1) It has at least a vertically articulated monitor which might not be a help in your scenario.
2) Compared to D5???, it has better shooting controls.
3) You can setup Easy Exposure Compensation, which might be helpful if you shoot in Manual Mode.
4) In some scenarios, according to some it should focus a little faster than the D7200. Not sure about your scenario. Based on my experience, it would depend a lot on the lens, focal length, lighting, etc.
5) It will shoot with a lot faster frame rate & bigger buffer than the D7200 or D5???.
I have a couple of things to add on the D7200 vs D500 question. First – in my use it was generally good to excellent with birds, both flying and perched in a “jungle” of branches. Something else to consider that no one mentions. If you have your own copy of Photoshop CS6 it does NOT recognize the D500 NEF files. You need to either go in a different processing direction, or pay Adobe for its online version of Photoshop.
To me, the price of the D7200 is a “steal”. It is rugged, inexpensive, and in my mind is a great machine. And I feel more comfortable risking it in the rain, etc. So far it has done fine and I am impressed. My favorite lens is the 300 PF f/4 and it is a great package, with or without the 1.4x
If you are principally interested in flying birds, there certainly are benefits to the D500, with its faster multi-shot rate. But for birds, I have not heard anything really positive about the focus system. I suspect the focus system would certainly be better on sports. But Sports is not Birds…
I own the D7100-D500-D750 and for birding I use mostly the D500 .
“If you have your own copy of Photoshop CS6 it does NOT recognize the D500 NEF files. You need to either go in a different processing direction, or pay Adobe for its online version of Photoshop”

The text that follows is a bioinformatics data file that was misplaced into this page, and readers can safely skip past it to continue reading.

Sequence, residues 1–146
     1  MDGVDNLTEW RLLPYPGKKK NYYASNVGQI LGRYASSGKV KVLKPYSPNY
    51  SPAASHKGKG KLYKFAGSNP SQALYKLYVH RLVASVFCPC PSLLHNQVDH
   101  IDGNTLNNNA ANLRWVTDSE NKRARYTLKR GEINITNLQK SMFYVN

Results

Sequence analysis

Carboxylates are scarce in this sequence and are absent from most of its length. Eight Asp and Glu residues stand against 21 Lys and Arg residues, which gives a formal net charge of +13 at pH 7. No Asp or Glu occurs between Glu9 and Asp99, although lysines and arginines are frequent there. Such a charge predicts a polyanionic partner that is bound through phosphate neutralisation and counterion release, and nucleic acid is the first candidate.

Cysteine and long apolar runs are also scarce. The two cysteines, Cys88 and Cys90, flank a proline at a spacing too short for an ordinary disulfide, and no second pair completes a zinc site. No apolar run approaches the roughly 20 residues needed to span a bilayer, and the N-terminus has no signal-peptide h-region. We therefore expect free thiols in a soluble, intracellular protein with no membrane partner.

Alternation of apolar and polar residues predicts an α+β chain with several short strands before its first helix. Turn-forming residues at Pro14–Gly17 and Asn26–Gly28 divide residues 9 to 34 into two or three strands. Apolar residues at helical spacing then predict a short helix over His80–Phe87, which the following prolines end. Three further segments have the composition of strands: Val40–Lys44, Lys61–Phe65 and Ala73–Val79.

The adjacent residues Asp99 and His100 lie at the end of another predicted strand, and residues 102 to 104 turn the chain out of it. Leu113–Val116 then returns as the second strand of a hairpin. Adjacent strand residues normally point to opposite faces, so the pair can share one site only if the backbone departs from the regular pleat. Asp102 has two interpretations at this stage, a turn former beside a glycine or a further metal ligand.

1- If you use a purchased LR6 you can process the .NEF file of the D500 and you just have to do a right-click on an image and choose using the LR rendering. I use Photoshop CS5. Probably using the free adobe Dng converter would solve your problem without using LR.
2- The D500 has a much better tracking for BIF than the D7100 or D7200 see youtube.com video from Steve Perry, comparing D7200 vs D500.
1- If you use a purchased LR6 you can process the .NEF file of the D500 and you just have to do a right-click on an image and choose and choose . I use Photoshop CS5. Probably using the free adobe Dng converter would solve your problem without using LR.
I use either manual or shutter priority. In both cases I use auto ISO with max ISO limited to 3200. My issue is with the AF mostly. No complains about picture quality. When I encounter motion blur, usualy it’s for a slow shutter speed but that is rare since the VR in 200-500 is amazing.
Something called “Auto AF fine-tune” has been mentioned as a feature of the D500, but I’ve never heard any details. How is it different from the existing AF fine-tune function found in most Nikons, where individual lenses can be fine-tuned for focus and the settings saved?